A 2015 online poll of doctors by the Medical Observer found nearly 40% of respondents did not have their own GP, almost 50% wrote prescriptions for themselves and 30% had not had an independent health check for two years.
The Medical Council of NSW has published its Guideline for self-treatment and treating family members. It encourages all doctors to have their own, independent GP and advises doctors against initiating treatment for themselves or their family members.
Misconceptions about mandatory reporting
In most states and territories, mandatory reporting laws about treating doctors reporting health practitioners who seek help have been seen as a barrier to doctors and medical students accessing support and treatment for mental health problems.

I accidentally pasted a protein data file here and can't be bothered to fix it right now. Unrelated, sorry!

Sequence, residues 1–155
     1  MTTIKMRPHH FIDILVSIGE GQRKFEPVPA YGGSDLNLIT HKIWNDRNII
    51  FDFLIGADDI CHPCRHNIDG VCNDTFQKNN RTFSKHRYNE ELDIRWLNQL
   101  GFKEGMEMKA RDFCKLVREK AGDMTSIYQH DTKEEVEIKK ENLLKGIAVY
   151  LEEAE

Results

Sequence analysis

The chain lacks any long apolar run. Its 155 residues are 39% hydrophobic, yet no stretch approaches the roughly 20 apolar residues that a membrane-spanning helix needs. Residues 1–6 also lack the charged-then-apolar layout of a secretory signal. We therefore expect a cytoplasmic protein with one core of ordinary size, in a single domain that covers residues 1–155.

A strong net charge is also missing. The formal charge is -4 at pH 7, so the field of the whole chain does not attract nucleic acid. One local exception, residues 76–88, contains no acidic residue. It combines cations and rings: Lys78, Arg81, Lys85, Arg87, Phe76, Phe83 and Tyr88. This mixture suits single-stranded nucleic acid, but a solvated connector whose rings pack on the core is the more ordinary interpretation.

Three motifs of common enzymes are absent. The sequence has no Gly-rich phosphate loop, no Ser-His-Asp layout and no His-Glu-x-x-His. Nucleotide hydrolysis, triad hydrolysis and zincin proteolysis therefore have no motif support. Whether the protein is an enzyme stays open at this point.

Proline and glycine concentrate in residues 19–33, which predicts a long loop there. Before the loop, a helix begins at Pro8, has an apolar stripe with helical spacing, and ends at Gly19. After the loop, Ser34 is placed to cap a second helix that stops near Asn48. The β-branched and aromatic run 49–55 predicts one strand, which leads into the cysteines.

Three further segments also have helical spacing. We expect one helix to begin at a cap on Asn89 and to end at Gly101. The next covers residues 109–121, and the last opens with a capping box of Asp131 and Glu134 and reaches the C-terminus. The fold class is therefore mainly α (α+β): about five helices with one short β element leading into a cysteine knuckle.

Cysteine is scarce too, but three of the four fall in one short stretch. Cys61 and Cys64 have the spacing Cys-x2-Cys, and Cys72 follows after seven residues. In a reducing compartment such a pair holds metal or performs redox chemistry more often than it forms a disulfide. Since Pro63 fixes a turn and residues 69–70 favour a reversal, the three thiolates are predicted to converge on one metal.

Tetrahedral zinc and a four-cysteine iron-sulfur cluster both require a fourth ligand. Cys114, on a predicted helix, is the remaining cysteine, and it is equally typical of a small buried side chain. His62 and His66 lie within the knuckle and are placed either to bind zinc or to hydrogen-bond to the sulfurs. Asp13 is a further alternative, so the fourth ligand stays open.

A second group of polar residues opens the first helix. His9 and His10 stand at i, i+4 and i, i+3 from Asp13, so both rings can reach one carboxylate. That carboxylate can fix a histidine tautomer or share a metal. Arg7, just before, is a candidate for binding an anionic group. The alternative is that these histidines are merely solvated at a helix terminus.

It is pleasing to see the nation’s Health Ministers moving towards a reform which may see all states and territories adopt Western Australia’s approach which allows a doctor to treat a health practitioner patient without being required to notify the authorities.
However it must be remembered that the purpose of mandatory reporting is to act as a safeguard when doctors and medical students are unwilling, or unable, to seek help and manage any risk to public safety. It is not to punish them for doing so.
In my opinion the "problem" of mandatory reporting has been due to a misinterpretation of the law. It is widely believed that mandatory reporting means that there is a responsibility to report any doctor with a serious illness, particularly a mental health one.
The threshold for making a mandatory notification is actually a high one. A practitioner treating a doctor is not automatically required to make a mandatory notification simply because the doctor has a mental health issue.